Archive - 2011 - News Article
Each year, Jeanette Ringley turns the Peoples Bank on âAâ street into a winter wonderland.
Ringley, Peoples' business center manager, transforms the bank with her collection of Christmas decorations.
Wooden cutouts of Christmas carolers line the entrance walkway to a main lobby and banking area filled inch to inch with Christmas trees, snowmen, a life-size Santa and detailed holiday miniatures. Blue, green, red and white lights are draped across the ceiling and walls, shining on wreaths and a fully-decorated Christmas tree in the center of the room.
The holiday season became just a little brighter this week for three area families thanks to almost 70 locally owned and operated businesses and The Observer News Enterprise's shop-local Hometown Christmas program.
"Santa Claus came just a few days early for a few lucky families," said The O-N-E Publisher Michael Willard, "and he came early for the businesses that welcomed customers who spent holiday dollars inside the locally owned shops, restaurants and businesses that are so important to this region's economy."
Catawba County plans to provide more than $30 million total to its three school systems in the next four years for each to build a new elementary school.
The money for the schools comes mostly from county tax allocations and partly from N.C. Education Lottery funds.
The county set up a system in 2003 to reserve a portion of the tax rate each year for school improvements and construction, said Rodney Miller, the county finance director. In 2007, the county increased that allocation to also include lottery money, Miller said.
Catawba County children want high-tech gifts for Christmas this year.
Many also desire traditional presents that have filled the floors around American Christmas trees for decades.
Hundreds of county children recently wrote letters to Santa Claus, and The Observer News Enterprise intercepted those letters on their way to the "big man" in the North Pole. Dozens of those letters are available inside The O-N-E and Outlook today in "Dear Santa: What I Want For Christmas."
It is crunch time for construction crews at the new Newton-Conover Middle School and The Observer News Enterprise takes an inside look at the projects progress. Read more about the school in the Wednesday print and online editions of The O-N-E.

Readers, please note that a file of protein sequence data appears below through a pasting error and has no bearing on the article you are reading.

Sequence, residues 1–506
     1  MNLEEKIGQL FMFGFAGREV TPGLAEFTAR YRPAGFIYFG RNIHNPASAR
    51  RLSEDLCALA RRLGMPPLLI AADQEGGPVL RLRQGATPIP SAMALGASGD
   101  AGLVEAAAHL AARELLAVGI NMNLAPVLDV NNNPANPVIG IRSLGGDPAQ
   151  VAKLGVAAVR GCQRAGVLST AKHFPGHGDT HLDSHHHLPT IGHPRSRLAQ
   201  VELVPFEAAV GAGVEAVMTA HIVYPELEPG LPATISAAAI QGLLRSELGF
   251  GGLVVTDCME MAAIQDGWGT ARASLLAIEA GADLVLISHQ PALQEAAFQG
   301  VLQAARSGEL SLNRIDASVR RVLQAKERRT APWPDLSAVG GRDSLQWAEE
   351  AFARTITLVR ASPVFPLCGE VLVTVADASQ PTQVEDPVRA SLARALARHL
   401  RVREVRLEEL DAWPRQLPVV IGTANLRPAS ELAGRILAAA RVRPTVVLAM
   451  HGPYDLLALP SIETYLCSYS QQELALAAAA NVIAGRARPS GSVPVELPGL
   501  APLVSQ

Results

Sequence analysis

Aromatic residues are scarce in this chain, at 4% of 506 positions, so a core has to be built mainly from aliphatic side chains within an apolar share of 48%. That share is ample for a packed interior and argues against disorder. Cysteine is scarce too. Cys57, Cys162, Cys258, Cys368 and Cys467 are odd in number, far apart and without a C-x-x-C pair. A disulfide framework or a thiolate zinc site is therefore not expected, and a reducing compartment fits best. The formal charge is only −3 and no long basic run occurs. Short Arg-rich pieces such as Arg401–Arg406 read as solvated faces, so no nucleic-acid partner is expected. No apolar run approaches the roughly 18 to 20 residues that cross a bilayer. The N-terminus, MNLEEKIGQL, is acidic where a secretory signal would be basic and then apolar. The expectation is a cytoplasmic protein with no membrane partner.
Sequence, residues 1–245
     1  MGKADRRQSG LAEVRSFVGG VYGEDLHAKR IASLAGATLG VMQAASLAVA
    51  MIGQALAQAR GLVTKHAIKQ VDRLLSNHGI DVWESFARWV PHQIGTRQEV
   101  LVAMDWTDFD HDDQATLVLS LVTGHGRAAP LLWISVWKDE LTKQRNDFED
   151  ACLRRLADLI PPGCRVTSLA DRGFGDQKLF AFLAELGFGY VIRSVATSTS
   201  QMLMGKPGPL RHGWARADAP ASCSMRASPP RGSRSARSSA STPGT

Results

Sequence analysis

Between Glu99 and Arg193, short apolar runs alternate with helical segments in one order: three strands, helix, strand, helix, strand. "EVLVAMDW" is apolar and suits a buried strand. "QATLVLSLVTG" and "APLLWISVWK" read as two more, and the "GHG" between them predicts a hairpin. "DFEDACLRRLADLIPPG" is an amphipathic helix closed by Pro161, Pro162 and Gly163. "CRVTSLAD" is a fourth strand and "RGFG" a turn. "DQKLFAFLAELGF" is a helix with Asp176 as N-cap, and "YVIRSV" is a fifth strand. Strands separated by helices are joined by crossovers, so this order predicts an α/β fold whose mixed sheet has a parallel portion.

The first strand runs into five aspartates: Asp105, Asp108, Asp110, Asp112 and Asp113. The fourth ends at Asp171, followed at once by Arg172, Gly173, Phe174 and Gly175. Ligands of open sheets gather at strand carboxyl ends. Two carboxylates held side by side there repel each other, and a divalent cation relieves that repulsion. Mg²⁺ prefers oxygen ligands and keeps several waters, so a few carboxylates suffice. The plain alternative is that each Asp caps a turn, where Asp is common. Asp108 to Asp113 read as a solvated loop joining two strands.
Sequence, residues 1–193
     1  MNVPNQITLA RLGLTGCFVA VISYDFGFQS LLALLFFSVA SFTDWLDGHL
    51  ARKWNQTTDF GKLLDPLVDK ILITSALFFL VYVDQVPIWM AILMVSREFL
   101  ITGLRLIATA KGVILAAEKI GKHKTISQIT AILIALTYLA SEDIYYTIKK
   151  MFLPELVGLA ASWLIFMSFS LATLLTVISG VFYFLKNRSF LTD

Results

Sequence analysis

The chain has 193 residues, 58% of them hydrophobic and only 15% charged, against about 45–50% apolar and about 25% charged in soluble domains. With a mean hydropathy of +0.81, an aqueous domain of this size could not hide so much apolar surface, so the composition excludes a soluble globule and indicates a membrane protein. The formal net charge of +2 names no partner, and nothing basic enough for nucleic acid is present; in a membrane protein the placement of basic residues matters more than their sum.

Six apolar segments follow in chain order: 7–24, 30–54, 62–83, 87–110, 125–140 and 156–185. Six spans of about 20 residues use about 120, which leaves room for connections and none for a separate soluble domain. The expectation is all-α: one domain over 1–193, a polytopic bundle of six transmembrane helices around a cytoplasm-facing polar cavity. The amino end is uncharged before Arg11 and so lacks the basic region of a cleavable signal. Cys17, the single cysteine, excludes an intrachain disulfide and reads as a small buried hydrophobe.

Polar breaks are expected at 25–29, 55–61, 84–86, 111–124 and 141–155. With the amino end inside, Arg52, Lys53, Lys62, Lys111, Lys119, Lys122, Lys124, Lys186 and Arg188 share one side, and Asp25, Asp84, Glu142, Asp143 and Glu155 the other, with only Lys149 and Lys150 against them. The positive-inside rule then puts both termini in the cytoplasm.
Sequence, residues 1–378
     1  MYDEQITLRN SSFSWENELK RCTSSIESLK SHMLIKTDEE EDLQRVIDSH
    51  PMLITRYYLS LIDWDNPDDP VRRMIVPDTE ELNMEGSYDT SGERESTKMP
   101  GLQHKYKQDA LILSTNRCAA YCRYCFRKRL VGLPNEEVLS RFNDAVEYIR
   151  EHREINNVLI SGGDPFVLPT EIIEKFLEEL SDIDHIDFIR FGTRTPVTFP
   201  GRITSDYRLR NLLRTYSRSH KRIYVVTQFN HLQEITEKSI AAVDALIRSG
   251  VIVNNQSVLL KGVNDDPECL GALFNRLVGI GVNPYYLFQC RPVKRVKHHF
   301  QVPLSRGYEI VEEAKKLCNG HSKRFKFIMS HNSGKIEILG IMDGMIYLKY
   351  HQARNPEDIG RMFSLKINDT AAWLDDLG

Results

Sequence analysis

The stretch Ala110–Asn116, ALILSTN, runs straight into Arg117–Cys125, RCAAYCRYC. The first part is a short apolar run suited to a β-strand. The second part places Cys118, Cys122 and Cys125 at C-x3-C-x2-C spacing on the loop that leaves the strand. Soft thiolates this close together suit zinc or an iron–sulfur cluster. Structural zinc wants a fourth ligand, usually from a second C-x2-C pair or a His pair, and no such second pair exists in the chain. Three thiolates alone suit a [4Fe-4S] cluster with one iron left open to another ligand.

Be sure to visit The O-N-E Facebook page for an exclusive photo gallery of the school-in-progress, www.facebook.com/pages/The-Observer-News-Enterprise/73539327933.
An annual tradition, The O-N-E gathered Santa letters written by Catawba County children and compiled them, days before Christmas.
Enjoy the letters below, and pick up the Thursday print edition of The Observer News Enterprise for a special section that samples the letters and holiday artwork by Catawba County children.
I have been a good girl this year. This is what I want for Christmas. An I Pad cover, I pad case, A bunny, A bunny Cage, and an outfit from Justice.
I have been a good girl All Year!
This photo of a Chevrolet Corvette outside Cynthia Travis' Newton home is The O-N-E news photo of the week.
The car went airborne Monday afternoon on Laffon Road in Newton, and its driver and passenger were transported to the hospital.
The car hit Travis' house, breaking several steel columns that held up the front porch.
Visit observernewsonline.com each Wednesday for The O-N-E photo of the week, and visit the site throughout the week for breaking news, complete coverage of Catawba County prep sports and more.
Among the many features of Newton-Conover City Schools' new middle school, system leaders say aesthetics and accessibility make the building better than the rest.
Construction of the new school, slated to open next fall, is about a month behind schedule, school officials estimated Tuesday. Allen Kirby â construction coordinator for Newton-Conover City Schools (NCCS), Hickory Public Schools and Catawba Valley Community College â said a wet winter could further delay progress as crews work to complete sidewalks, stairs and other features outside the school building.
Catawba Countyâs teen pregnancy rate dropped to an all-time low in 2010, according to data released recently.
The total number of pregnancies among Catawba County girls ages 15-19 dropped from 297 in 2009 to 245 in 2010, resulting in a 12-percent decline. The decrease is the single largest year-to-year drop in county history.
North Carolinaâs teen pregnancy rates are also at an all-time low. Rates dropped 11 percent statewide from 2009 to 2010, according to new data released last week.
The areaâs newest manufacturer will get a financial lift from the county next year.
Catawba County Commissioners approved an incentive agreement Monday for Punker LLC, a German-based manufacturer that plans to bring up to 80 new jobs to the area.
Earlier this month, the Catawba County Economic Development Corporation (CCEDC) announced that Punker plans to open a new manufacturing plant in Hickory. Punker produces fan parts for the HVAC and exhaust industries.
The expansion will bring at least 62 jobs to the area, with the potential to create 80 new jobs.